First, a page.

As the oceans die and fish prices go up, I’m noticing a fascinating phenomenon in environmental reporting on the food supply. Call it “look down in comfort.” The NYT story on how Jamaicans are poisoning their main river to catch shrimp and fish faster was certainly disturbing, but it had that ignoble-savages tone to it, that “see, they’re so shortsighted they don’t even understand the evil they do and it certainly doesn’t affect us.” Meanwhile, who knows how many millions of gallons of antibacterial crap are flushed into the water supply in this country every day. Somehow I don’t think a little Airborne is going to save us, either. Especially when you hear that Topps, the beef producer shut down after lethal shit was found in the meat, is now selling off the contents of its many freezers for pennies a pound. Somewhere a Bubba is going to ingest a burger and the feces it rode in on and never know what greed hit him. All while the high-minded journalists are worrying about what’s rotten in the third world. . . .
Random phrases stuck in my cranial sieve: Ghostwriters in the meat. If you feed them, they will blog. The Freaking section. Shafer for sheriff. And, in honor of the report finding the underfinanced, overextended FDA could not find shit in spinach if you handed it to it in a bag: Take the sushi. Leave the Chinese dumplings.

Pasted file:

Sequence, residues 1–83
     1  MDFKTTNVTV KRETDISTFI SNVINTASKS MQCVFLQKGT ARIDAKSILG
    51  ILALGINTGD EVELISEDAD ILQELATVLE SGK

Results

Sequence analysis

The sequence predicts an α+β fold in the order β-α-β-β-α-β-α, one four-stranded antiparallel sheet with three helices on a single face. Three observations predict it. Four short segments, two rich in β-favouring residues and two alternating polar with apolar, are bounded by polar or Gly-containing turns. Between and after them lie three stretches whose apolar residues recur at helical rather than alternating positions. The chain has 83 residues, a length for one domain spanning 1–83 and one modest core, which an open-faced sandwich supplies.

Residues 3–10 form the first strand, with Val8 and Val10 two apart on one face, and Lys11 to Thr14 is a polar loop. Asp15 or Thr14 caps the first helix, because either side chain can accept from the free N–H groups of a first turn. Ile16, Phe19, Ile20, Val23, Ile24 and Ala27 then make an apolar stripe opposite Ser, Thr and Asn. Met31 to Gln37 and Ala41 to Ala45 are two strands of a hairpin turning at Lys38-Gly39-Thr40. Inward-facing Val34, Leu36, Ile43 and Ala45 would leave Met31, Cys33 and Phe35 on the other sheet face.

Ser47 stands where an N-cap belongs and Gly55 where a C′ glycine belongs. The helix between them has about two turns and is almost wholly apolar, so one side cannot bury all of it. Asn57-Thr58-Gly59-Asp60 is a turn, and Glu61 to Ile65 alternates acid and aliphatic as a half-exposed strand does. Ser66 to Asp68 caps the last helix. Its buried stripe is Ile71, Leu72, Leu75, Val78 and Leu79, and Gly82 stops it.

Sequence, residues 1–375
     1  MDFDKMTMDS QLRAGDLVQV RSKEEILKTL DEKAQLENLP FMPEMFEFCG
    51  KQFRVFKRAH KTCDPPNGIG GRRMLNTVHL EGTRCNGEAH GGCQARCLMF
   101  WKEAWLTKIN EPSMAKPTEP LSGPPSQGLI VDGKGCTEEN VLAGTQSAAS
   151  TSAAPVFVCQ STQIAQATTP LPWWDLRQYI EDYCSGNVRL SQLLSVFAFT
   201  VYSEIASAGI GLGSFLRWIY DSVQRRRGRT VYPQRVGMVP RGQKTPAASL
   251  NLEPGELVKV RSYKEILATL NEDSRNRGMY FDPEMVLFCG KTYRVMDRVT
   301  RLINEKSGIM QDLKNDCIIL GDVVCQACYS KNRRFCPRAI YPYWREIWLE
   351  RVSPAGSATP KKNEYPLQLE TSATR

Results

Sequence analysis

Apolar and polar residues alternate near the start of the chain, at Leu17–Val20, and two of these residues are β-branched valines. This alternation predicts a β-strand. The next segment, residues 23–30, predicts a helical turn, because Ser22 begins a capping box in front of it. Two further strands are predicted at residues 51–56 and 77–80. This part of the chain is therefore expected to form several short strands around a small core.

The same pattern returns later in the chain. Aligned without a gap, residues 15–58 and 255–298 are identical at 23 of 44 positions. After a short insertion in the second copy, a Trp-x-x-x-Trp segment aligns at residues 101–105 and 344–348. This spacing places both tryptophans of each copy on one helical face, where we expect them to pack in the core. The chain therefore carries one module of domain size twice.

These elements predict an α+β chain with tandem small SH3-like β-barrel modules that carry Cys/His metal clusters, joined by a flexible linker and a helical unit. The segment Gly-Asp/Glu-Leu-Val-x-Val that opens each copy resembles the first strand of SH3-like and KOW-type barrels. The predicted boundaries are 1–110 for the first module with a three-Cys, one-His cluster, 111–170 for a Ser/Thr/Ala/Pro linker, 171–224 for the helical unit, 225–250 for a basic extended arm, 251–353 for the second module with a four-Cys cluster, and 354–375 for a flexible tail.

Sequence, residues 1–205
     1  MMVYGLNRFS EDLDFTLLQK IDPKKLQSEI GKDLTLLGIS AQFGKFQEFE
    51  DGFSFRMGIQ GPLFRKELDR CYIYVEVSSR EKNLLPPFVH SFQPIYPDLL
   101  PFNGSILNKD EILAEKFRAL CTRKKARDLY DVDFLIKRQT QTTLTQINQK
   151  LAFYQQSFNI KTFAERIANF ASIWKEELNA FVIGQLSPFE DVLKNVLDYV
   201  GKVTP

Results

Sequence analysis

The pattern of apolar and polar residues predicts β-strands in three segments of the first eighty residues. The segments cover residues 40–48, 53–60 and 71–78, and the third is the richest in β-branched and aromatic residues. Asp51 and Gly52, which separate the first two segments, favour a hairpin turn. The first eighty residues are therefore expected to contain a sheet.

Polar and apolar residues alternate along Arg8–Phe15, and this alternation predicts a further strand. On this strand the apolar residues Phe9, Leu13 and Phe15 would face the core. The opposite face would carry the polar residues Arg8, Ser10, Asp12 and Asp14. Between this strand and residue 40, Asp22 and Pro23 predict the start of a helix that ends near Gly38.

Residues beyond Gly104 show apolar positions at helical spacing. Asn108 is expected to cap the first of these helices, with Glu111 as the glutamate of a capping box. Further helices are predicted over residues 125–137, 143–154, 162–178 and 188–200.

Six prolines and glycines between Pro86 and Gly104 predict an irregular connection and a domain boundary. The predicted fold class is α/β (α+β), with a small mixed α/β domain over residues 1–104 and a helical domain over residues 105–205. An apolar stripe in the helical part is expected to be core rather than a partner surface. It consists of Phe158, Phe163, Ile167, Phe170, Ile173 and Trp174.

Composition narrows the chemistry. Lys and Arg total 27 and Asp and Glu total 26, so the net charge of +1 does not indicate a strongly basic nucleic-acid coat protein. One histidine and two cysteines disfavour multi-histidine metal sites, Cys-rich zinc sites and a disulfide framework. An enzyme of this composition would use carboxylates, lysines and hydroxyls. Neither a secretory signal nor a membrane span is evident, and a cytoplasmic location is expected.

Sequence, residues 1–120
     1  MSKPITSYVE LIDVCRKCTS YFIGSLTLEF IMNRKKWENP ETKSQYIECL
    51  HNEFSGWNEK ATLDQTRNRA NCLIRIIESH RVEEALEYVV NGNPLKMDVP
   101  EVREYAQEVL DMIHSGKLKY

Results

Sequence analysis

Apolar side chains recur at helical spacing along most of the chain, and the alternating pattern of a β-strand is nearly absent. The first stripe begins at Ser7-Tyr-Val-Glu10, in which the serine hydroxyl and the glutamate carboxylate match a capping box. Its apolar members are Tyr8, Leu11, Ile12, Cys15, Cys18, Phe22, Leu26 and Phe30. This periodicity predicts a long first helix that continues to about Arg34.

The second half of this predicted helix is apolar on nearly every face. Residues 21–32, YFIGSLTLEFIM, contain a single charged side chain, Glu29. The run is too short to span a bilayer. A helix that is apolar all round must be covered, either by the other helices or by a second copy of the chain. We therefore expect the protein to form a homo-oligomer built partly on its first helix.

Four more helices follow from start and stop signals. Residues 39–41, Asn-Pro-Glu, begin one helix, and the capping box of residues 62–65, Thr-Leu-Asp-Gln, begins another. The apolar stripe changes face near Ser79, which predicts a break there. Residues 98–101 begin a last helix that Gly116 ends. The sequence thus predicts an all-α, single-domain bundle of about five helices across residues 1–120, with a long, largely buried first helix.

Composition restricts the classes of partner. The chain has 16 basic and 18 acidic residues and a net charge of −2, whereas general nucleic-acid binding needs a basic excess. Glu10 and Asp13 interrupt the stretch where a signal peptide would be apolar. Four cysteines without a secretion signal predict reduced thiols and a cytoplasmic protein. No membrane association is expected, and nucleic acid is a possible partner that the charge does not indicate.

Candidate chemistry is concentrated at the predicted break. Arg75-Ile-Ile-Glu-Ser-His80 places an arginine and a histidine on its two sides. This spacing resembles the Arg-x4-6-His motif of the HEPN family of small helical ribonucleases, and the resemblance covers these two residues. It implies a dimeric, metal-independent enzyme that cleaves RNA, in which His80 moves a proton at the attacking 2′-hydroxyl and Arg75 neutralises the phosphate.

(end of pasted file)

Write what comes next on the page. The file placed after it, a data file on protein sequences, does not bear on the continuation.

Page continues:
Big Food’s new motto seems to be “make shit while the sun don’t shine.” With the entire federal government evidently taken over by hacks and cronies, one company just got away with marketing frozen fecal burgers for months and now the chocolate industry is looking to cut its costs and push up its profits by getting DC approval to substitute vegetable oil for cocoa butter. Apparently pure food for everyone is a socialist idea. The WSJournal, in one of those stories that reeks of Murdochian sulfur, ran a long take on both sides that lent too much credibility to BF. Anytime candy makers start talking about healthier options, I want to run straight to the cane sugar — right now study after study is turning up nutritional benefits from real chocolate. And even if those are underwritten by Ghirardelli, you have to wonder why a 67-year-old burger packager simply shut down in a matter of days after getting caught with manure in its main product. Killer Jack in the Box, after all, is still selling strong.
The other vivid detail from an NYT story last week is that a Georgia poultry slaughterhouse raided by immigration is now hiring “men from a nearby homeless mission.” I assume they’re slightly better groomed than the bums shaking coffee cups on my corner. But I’m not sure I’d want them anywhere near my wings. There are worse things than salmonella in chicken potpies.
You know it’s predawn in America when food manufacturers start begging for more regulation. In a week when E. coli was detected in lettuce yet again, even after all the blustering from the same Pinocchio who also promised to rebuild Katrina, the WSJournal reported that private companies have come to realize they need public help policing what they sell. To quote the president of the Grocery Manufacturers Association, “A strong FDA is in our interest.” And when big business gets hungry, government has to feed it. Grover Norquist, the phone in the bathroom is ringing. Your salmonella tub is about to run out of water.